“There is no peace in the Himalayas, and there is no noise in the world; everything is within you. If you are at peace with yourself, you can find peace anywhere in the world, and if you are not at peace with yourself, you will never find peace in isolation in the mountains.” -Swami Niranjanananda Saraswati (from his book, Yoga Sadhana Panorama, 1997)
What helps us to unwind, clear our minds of problems & worries, get things into perspective? socializing, drinking, watching TV, reading, listening to music, going to the cinema, theater, parties, shows, exhibitions etc. can all be fun activities but they are all based around ‘doing’ & distraction. Meditation is about ‘being’ & introspection.
According to Patanjali, author of the yoga sutras, there are a few levels leading up to actual meditation.
- Pratyahara; withdrawal of the senses so that focus can be directed internally.
- Dharana; concentration of the mind on an object & its field / concentration of mind on the cultivation of a specific feeling or inner state such as compassion.
- Dhyan; meditation-withdrawal of the mind from external objects & focus on one point only.
Meditation has been practiced for thousands of years by differing disciplines/religions & there are many techniques to choose from. One does not have to believe in a god to practice, though it is spiritual in the sense that it is a technique utilized to unite us with our core selves. (See also definition of Samadhi, in What is Ashtanga Yoga).
Meditation consists of stilling the mind and it’s incessant chatter, the stream of thoughts that constantly goes on inside our heads, distorting our view of the world, calling attention only to tiny details and preventing us from seeing things whole.
Meditation promotes general psychological well being. It is known to reduce stress, anxiety & related disorders, depression, headaches, pain, elevated blood pressure, panic attacks etc. It improves concentration, perceptual sensitivity, reaction time, memory, self control, empathy, self esteem & emotional balance including increased forgiveness.
Someone who regularly meditates is calm, balanced, joyful & a joy to be around.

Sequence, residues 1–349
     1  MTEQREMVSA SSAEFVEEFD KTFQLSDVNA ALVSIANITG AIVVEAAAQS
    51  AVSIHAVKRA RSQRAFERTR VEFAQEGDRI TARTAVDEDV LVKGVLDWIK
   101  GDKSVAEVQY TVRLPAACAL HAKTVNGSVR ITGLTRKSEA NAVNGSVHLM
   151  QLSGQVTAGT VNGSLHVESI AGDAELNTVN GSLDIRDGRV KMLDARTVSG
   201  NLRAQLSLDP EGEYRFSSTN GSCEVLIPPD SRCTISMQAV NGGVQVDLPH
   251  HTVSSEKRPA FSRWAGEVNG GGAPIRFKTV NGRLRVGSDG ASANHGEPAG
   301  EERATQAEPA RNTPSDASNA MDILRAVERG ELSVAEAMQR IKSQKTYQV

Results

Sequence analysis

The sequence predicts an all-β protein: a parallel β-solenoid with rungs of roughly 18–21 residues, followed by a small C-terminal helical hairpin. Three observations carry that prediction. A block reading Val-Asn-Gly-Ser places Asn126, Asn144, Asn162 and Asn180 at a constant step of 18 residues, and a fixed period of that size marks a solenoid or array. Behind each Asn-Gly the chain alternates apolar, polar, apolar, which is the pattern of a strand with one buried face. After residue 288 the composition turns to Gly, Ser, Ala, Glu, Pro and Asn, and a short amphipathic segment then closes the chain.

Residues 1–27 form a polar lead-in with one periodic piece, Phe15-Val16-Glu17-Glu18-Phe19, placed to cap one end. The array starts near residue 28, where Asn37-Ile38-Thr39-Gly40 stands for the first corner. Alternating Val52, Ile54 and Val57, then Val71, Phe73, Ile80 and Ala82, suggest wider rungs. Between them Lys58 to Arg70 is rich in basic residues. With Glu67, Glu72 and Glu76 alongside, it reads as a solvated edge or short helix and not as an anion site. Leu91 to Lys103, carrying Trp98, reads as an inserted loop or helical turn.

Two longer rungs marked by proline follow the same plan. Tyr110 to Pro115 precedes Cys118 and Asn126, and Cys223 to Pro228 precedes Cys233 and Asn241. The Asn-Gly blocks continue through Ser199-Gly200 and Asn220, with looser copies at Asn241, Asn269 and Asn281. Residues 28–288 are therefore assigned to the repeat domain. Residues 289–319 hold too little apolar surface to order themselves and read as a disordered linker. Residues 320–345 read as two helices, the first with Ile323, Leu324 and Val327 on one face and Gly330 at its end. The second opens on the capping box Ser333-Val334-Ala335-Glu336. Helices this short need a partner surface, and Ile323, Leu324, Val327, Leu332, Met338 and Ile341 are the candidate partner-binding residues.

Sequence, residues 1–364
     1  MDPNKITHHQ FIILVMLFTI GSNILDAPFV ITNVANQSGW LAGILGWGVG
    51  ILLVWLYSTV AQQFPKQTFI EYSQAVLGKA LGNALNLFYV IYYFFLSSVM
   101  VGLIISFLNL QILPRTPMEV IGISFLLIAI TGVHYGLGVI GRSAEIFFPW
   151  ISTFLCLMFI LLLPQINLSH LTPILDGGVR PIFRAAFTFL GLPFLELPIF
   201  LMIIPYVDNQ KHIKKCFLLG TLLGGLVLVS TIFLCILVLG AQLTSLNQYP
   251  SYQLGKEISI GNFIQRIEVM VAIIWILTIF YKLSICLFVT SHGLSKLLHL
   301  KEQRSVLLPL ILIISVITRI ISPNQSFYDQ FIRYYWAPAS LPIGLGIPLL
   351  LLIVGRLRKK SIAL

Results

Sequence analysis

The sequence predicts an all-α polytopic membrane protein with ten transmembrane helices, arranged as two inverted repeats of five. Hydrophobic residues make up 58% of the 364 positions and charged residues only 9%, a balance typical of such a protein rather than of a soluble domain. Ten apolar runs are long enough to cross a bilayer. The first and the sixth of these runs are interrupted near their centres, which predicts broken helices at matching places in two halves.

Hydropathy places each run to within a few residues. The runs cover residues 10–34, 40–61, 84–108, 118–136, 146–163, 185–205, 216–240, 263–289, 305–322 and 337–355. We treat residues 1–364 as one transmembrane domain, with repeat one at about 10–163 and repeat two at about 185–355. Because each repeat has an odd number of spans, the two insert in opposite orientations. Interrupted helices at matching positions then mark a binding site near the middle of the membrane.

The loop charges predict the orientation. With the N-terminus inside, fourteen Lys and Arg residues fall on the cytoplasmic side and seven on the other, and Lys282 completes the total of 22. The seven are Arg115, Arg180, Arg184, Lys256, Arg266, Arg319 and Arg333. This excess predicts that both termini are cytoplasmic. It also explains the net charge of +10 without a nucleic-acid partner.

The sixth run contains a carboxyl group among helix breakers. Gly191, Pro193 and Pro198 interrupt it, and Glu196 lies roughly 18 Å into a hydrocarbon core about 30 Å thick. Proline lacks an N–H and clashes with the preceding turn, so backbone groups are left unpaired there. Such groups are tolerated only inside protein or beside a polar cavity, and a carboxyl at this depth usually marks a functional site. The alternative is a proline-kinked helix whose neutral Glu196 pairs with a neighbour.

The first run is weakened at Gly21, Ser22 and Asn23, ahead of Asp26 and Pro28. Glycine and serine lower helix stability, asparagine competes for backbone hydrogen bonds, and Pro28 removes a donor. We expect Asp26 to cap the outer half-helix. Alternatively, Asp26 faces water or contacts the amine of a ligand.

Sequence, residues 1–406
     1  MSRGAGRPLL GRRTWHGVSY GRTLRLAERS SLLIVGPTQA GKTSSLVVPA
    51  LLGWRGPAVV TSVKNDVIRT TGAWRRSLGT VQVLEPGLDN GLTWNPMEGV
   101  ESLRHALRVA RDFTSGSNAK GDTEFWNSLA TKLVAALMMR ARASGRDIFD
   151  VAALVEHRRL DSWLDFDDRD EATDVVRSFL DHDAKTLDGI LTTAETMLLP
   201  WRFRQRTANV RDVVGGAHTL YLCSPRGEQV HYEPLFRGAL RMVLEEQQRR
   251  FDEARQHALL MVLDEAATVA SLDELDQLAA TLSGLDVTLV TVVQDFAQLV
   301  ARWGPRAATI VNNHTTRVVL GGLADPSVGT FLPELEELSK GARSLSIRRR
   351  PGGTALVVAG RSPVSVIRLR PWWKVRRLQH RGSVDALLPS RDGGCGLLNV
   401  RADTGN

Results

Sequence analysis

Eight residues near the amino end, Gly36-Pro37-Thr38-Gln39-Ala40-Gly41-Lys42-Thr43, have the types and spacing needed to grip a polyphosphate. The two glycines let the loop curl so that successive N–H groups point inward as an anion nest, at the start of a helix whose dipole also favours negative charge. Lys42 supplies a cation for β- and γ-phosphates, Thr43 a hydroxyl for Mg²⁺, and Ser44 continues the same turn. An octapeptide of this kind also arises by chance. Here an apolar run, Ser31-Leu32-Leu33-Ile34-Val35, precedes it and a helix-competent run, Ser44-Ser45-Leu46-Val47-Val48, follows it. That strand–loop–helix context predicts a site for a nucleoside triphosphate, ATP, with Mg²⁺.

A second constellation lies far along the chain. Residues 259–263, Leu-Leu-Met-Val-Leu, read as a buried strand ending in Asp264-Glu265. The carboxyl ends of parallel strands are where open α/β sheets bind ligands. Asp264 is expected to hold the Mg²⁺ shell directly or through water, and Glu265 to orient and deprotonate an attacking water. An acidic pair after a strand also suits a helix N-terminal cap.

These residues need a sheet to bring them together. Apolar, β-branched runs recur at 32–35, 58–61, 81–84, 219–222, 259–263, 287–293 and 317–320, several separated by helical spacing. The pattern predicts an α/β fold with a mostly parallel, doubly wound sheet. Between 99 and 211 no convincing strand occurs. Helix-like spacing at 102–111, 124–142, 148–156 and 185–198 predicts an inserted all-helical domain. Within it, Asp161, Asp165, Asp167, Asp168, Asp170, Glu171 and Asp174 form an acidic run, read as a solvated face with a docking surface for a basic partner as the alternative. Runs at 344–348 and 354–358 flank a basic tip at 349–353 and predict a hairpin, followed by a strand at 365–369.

During meditation we can use the breath as a tool to link the body & the mind.
- Often people tell me that they can’t meditate, that their mind wanders & it’s difficult to focus. This will happen at first. It is the nature of the mind. When practicing if your mind gets distracted, be aware that it has, be aware that your focus has shifted. If thoughts come, try to let them pass without judgment. Try not to blame yourself for the distraction, blaming causes unnecessary conflicts to arise within you. Instead, gently re-connect your attention to your breath/object of meditation & be accepting and compassionate to yourself. It gets much easier with a little practice!
Example Concentration/Meditation Technique:
Start with 10 minutes & gradually increase time with each practice.
It is better to meditate when the stomach is empty & to wear loose clothes. Make sure you are comfortable & warm enough.
Sit cross legged with a straight back or on a chair or sofa. Put your hands loosely on your knees. Close your eyes. Bring your attention to the natural breath. Focus your mind on your inhalations & exhalations. Notice the breath in your belly, feel the breath in your chest, feel the breath in your nostrils. Now relax each muscle from head to toe, one by one, slowly.
After you have relaxed the muscles, focus your mind again on the breath. Do not force or try to control breathing but simply witness it. Be aware of its flow from navel to throat as you inhale & from throat to navel as you exhale.
The relaxation of muscles creates a feeling of pleasure in your mind and body. As the body relaxes, breathing becomes slower. As breathing becomes slower, the mind becomes calm and quite. As the mind becomes calm and quite, the body relaxes further.
At the end of the practice become aware of your body, notice how it feels. Make some slow movements, wiggle your fingers & toes. Inhale & stretch your arms up. Exhale & release them, then slowly open your eyes.
“I wish I could show you when you are lonely or in darkness the astonishing light of your own being.” -Hafiz